Helicopter money as a weapon in the war against the coronavirus crisis

This post was originally intended to be published elsewhere, but ultimately wasn’t. Note that this article is only about helicopter money. However, governments and central banks urgently need to do much more. The state should bail out all businesses. Businesses should hold on to their employees even if they cannot work so the economy can have a V-shaped recovery. The government should pay the workers. I also have other proposals for the ECB, see here and here.

Why the ECB should use helicopter money to fight the coronavirus crisis

The primary objective of the European Central Bank is to maintain price stability. The Covid-19 public health crisis is jeopardizing this objective. The revenue of airlines, bars, restaurants, hotels, travel companies, movie theaters and many other businesses has disappeared overnight. The oil price has crashed. Investments are cancelled because of the uncertain economic outlook. Falling asset prices result in a negative wealth effect. Consumers fear unemployment and cut back spending.

All of these factors put downward pressure on expected inflation.

The ECB can provide credit and adjust interest rates. But such conventional monetary policy tools do not make up for lost business revenue. Loans don’t compensate people’s lost income.

That is why the ECB should hand out helicopter money. Helicopter money (HM) is money created by the central bank that is distributed to the public. It is a gift, not a loan that has to be paid back later.

Helicopter money has several advantages:

1) It enables people to pay the bills

2) People decide how they spend the money, not bureaucrats

3) The ECB is prohibited from financing governments. HM goes directly to people

4) Banks are more likely to extend credit to businesses when they know revenue will bounce back once the crisis is over

5) Government deficits and debt levels are restricted by the Stability and Growth Pact. HM will facilitate the recovery without putting an extra burden on government finances

The catch-up spending will put inflation back to the ECB’s target of below but close to 2 per cent. Furthermore, HM contributes to the achievement of the objectives of the EU. This secondary ECB mandate is explicitly specified in the Treaty on the Functioning of the European Union.

How much money are we talking about?

Emmanuel Saez and Gabriel Zucman assume an output loss of 30% during one quarter due to the coronavirus. This is a 7.5% drop in annual GDP. The euro area has an annual GDP of 12 trillion euro. If the ECB wants to make up for lost GDP, it has to distribute 900 billion euro. For reference, the ECB has assets worth more than 4,500 billion euro on its balance sheet. The Asset Purchase Program (APP) is responsible for 2,600 billion euro of the ECB’s total holdings.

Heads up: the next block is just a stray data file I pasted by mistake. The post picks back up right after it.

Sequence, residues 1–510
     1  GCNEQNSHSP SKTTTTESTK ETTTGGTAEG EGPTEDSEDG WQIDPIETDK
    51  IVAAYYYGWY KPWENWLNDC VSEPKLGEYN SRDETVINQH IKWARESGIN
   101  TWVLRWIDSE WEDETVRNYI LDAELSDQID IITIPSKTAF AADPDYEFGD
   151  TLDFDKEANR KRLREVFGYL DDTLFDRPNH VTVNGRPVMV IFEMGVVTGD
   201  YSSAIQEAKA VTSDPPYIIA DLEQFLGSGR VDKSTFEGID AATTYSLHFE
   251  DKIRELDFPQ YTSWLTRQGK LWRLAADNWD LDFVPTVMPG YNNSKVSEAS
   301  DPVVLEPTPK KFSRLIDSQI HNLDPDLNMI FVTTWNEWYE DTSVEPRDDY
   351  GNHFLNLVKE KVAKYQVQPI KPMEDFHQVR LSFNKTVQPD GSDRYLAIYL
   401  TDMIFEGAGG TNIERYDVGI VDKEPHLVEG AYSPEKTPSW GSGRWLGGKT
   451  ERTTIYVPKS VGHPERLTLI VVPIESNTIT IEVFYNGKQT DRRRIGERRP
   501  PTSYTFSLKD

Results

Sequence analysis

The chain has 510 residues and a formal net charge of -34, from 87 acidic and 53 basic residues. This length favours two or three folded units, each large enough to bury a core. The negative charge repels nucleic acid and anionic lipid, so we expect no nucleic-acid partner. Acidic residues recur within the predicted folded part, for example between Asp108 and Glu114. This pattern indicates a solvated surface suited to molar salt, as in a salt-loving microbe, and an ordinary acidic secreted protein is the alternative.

There are 340 million people in the euro area. So the ECB should give on average 2600 euro per person. The money could be allocated according to the share of euro member states in the capital of the ECB. This also corrects for differences in purchase power between countries.

When should payments start?

As long as the economy is in disarray due to the measures against the coronavirus, helicopter money is not very useful. People cannot spend it when shops are closed. National automatic stabilizers and other crisis programs currently offer support for incomes.

However, the ECB can already announce its intention to distribute helicopter money. Make the start of the HM drops dependent on the progress of the medical fight against the virus. For example, the ECB could make the first payment 30 days after there are fewer than ten new Covid-19 cases in Europe.

Practical organization

Eight EU member states don’t use the euro. The national central banks of Bulgaria, the Czech Republic, Denmark, Croatia, Hungary, Poland, Romania and Sweden can pay helicopter money independently from the ECB.

The ECB starts with six monthly installments. After that period, additional payments should be a function of the economic and medical environment. The ECB can continue payments as long as inflation is below target or GDP is not back its pre-crisis level.

The table in the appendix shows that a German family of four would receive 1,905 euro per month. A comparable household in Spain would receive 1,524 euro. This assumes that children and adults receive the same amount of HM per country. If only adults apply for HM, the per capita amount will be higher.

Obviously, the ECB does not have the bank account number of all people in the euro area. Therefore, the payments to individuals should be outsourced to the ministries of finance in the member states. The ECB should pay a 1% fee to the governments for this administrative task.

Objections

There are no financial or political reasons not to do HM. The equity of a central bank does not constrain its ability to act. Helicopter money is a temporary monetary policy tool, not a universal basic income. As soon as the economy stabilizes, the HM drops stop. Finally, critics of helicopter money should specify how the ECB can achieve its price stability mandate with other monetary policy tools.

Appendix

Helicopter money per euro member state. Calculations based on a total amount of 900 billion euro distributed in six monthly payments.

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